What the Fed did make clear this Wednesday is the rhythm with which it will proceed to the withdrawal of stimuli, that is, to drain the liquidity injections of the last two years in which the central bank’s balance sheet has more than doubled, to 9 trillion dollars. Under the new roadmap, the central bank will begin to let debt portfolios mature and sell assets equivalent to one maximum rate of 47,500 million dollars per month between June and Augustfor raise that amount to 95,000 million in September. The reduction will be proportional in Treasury bonds (two thirds) and mortgage debt (one third). In the accumulated vision for the remainder of 2022, the weight loss diet adds up to 500,000 million dollars, somewhat less than initially estimated by analysts.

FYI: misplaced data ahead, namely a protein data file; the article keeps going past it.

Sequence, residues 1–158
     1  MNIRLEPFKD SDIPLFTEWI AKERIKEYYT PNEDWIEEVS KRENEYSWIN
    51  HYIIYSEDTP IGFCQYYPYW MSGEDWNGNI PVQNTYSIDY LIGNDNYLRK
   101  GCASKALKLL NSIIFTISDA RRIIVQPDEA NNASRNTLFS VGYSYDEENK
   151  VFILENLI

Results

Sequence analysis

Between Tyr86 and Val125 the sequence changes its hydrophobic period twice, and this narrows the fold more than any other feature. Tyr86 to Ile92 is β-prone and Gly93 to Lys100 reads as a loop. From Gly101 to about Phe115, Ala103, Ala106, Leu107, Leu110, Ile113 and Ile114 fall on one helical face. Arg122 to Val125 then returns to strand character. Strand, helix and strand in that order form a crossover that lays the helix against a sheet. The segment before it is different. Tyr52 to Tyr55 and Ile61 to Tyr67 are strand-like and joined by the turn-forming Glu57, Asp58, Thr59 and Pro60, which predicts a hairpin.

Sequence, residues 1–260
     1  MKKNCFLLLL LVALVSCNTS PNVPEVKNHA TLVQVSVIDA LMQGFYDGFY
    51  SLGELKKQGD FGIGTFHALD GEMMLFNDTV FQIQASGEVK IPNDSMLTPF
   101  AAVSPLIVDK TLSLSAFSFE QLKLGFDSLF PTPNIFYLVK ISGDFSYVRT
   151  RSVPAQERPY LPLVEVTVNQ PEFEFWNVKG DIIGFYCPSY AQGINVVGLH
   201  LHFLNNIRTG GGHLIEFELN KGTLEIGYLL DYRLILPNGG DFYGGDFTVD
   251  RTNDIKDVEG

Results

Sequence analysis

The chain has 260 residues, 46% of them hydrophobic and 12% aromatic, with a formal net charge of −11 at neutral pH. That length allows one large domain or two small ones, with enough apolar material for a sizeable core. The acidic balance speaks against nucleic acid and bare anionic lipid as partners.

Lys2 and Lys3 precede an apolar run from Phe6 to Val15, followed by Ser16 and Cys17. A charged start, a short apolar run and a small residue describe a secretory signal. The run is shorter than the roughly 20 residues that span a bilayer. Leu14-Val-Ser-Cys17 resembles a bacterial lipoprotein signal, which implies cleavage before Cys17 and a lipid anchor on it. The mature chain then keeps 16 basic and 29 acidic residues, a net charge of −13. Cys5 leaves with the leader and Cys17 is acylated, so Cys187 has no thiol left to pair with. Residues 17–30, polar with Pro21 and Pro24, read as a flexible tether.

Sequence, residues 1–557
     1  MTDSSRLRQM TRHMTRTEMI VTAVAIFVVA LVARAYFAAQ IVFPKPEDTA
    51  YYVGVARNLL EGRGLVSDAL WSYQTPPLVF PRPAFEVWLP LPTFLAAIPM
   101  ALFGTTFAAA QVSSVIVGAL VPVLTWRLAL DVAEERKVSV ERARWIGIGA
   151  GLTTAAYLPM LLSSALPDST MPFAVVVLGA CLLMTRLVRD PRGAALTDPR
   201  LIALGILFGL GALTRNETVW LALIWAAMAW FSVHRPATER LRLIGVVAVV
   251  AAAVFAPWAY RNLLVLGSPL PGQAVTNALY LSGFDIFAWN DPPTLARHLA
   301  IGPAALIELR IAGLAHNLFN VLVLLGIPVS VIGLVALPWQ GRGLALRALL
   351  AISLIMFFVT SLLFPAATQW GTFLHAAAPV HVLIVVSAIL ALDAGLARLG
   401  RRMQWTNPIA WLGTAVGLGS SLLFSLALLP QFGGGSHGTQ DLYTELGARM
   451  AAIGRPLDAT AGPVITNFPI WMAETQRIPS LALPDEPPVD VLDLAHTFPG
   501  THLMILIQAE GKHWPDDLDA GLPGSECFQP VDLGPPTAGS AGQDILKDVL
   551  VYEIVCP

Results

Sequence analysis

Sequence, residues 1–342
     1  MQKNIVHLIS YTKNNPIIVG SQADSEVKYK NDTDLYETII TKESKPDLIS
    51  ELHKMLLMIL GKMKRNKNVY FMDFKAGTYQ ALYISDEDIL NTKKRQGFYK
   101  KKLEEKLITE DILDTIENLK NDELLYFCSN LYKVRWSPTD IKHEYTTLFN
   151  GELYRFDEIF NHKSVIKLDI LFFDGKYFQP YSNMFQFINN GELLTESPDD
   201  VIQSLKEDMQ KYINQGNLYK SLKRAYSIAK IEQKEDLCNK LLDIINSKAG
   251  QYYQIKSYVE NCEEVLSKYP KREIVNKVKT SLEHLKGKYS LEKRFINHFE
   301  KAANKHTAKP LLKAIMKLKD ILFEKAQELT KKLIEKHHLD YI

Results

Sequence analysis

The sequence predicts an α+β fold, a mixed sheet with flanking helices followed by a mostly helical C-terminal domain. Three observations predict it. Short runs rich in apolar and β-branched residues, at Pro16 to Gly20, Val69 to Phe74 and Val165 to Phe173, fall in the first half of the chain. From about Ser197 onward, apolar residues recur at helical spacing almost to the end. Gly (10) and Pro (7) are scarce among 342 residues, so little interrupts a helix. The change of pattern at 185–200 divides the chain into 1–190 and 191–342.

Although Wall Street has listened to what it wanted, Powell warns that it will not be a bed of roses and once again he showed humility in the face of the situation of extreme volatility that the economy is facing. The Fed highlighted in its statement that the war of Ukraine they have been joined by the effects of the new massive confinements in China and both forces are once again undermining the damaged global supply chain in multiple sectors. “Making monetary policy appropriate in this uncertain environment requires recognition that the economy often evolves unexpectedly, inflation has obviously surprised to the upside over the last year and more surprises could be expected. Therefore, we will need to be agile to respond to incoming data and the evolving landscape. We will strive to avoid adding uncertainty to what is already an extraordinarily challenging and uncertain time,” Powell warned.